Plastic Surgery Research Council

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The Development Of A Customized 3d-printed Nanocomposite Polyurethane Implant For Auricular Cartilage Reconstruction
Michelle Griffin, MBChB MSc MRes MRCS PhD1,2, Deepak Kalaskar, PhD1, Peter Butler, Sr., MD FRCS1,2.
1University College London, London, United Kingdom, 2Royal Free Hospital, London, United Kingdom.

Purpose
Children born with a small or absent ear undergo surgical reconstruction to create a suitable replacement using rib cartilage. To overcome the donor site morbidity and long-term pain of harvesting rib cartilage, synthetic materials can be a useful alternative. Medpor, is the currently used synthetic polyethylene material to replace missing facial cartilage but unfortunately it has high levels of surgical complications including infection and extrusion, making it an unsuitable replacement. The development of alternative biocompatible biomaterials for auricular reconstruction is needed to improve the surgical outcomes of microtia reconstruction. Previously, we have demonstrated that nanocomposite polyurethane manufactured using a salt-leaching technique can provide auricular reconstructive surgeons with an alternative alloplastic biomaterial. Herein, we fabricate polyurethanes auricular cartilage replacements using 3D-printing to provide more anatomic and customized features.
Methods
Nanocomposite polyurethane biomaterial was manufactured and developed into 3D-printing filament. Customized nanocomposites polyurethane auricular implants (3D-PU) were designed and 3D-printed using fused deposition modeling technology (FDM) on a purpose build 3D-printer. The in vitro and in vivo response of 3D-PU was compared to Medpor implants. The adhesion and proliferation of human dermal fibroblasts (HDFs) and endothelial cells (ECs) was compared in vitro over 14-days. The formation of extracellular matrix (ECM) by HDFs and ECs was compared in vitro using RT-qPCR, immunocytochemistry and western blotting. Both implants were implanted into rats and pigs and explanted after 6 months (n=6) to assess for tissue integration, angiogenesis and immune response.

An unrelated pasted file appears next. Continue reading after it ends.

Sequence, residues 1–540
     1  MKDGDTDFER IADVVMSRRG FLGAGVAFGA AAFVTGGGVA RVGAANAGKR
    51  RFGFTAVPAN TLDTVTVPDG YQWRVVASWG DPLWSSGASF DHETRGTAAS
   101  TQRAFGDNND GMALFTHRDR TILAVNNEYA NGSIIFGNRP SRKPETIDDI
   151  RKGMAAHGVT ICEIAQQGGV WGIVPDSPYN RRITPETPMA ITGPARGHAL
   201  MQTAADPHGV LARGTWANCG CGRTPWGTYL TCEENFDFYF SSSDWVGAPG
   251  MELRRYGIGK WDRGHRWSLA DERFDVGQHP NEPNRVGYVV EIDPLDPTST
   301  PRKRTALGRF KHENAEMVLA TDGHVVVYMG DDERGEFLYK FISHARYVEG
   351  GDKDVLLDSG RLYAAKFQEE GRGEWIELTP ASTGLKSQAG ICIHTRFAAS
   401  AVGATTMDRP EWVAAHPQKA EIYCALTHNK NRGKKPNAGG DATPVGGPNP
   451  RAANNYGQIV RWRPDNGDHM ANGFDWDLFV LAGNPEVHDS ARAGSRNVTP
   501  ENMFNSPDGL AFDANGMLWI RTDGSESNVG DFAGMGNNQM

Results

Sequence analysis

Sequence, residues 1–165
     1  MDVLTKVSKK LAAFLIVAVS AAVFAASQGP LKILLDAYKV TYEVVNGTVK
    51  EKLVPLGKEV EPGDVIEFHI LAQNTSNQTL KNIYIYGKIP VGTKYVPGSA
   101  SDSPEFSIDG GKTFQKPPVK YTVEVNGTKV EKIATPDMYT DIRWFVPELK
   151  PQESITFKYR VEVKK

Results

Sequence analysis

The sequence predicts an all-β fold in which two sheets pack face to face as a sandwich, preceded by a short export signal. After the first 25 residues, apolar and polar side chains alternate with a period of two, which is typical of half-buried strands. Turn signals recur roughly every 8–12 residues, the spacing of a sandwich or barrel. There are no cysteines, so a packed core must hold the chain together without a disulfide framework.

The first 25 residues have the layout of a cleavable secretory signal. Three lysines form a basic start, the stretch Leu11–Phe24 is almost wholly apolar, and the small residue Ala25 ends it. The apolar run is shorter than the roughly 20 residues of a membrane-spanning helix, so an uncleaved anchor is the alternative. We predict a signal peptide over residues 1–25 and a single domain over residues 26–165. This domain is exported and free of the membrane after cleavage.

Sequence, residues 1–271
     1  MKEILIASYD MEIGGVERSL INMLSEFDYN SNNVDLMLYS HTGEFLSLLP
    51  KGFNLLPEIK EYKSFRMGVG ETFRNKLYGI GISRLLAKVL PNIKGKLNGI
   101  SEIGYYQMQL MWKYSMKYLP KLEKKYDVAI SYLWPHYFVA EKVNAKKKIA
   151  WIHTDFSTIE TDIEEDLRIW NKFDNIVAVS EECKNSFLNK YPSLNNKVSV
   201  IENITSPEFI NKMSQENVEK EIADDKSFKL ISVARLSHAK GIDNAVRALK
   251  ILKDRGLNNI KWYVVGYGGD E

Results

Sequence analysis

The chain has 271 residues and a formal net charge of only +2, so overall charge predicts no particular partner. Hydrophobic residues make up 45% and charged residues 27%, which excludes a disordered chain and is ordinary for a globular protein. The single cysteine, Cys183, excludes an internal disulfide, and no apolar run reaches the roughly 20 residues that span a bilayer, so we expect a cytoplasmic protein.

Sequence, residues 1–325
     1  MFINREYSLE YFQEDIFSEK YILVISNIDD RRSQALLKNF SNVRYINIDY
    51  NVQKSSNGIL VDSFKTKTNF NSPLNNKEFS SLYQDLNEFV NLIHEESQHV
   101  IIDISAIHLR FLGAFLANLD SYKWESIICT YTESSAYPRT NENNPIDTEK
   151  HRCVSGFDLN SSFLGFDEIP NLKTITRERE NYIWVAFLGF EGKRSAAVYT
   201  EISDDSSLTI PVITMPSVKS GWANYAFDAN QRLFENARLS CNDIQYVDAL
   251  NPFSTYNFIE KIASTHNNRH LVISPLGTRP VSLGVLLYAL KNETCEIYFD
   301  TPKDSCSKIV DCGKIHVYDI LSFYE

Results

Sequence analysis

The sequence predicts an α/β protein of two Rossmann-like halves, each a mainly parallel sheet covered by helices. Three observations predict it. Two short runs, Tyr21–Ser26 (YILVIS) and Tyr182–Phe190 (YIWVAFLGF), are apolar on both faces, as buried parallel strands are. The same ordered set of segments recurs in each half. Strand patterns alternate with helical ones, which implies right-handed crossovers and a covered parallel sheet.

Results
3D-PU showed no difference in compressive or tensile properties compared to human cartilage. 3D-PU enhanced the adhesion and proliferation of HDFs and ECs compared Medpor over 14-days (p<0.05). 3D-PU upregulated the protein and gene expression of collagen type I, elastin and fibronectin of HDFs using RT-qPCR, immunocytochemistry and western blotting compared to Medpor over 14-days (p<0.05). 3D-PU enhanced the protein and gene expression of vascular endothelial-cadherin and von Willebrand factor (VWF) by the ECs compared to Medpor over 14 days (p<0.05). Both implants retained their shape and mechanical properties after 6-months in vivo. Medpor showed a 20% extrusion rate in small animal studies without any infections whereas 3D-PU showed no extrusion or infection complications in both small and large animal studies. 3D-PU showed significantly greater tissue integration after 6-months of subcutaneous implantation compared to Medpor using H&E and collagen staining (90% vs 75%, p=0.034). Vessel formation by immunohistochemistry staining of CD31 and α-SMA was also enhanced with 3D-PU than Medpor (143 vs 52 respectively, p=0.03). Both implants did not cause any immune response over the 6-months as shown by CD45 and CD68 immunohistochemistry staining.
Conclusion
We have shown that 3D-PU is a biocompatible and safe alternative for replacing auricular cartilage for microtia reconstruction. Small and large animal studies demonstrate that 3D-PU provides enhanced tissue integration and angiogenesis than currently available Medpor implants. 3D-printed nanocomposites polyurethane implants provides customized implants for auricular reconstruction that can overcome the infection and extrusion complications of current available alloplastic materials.


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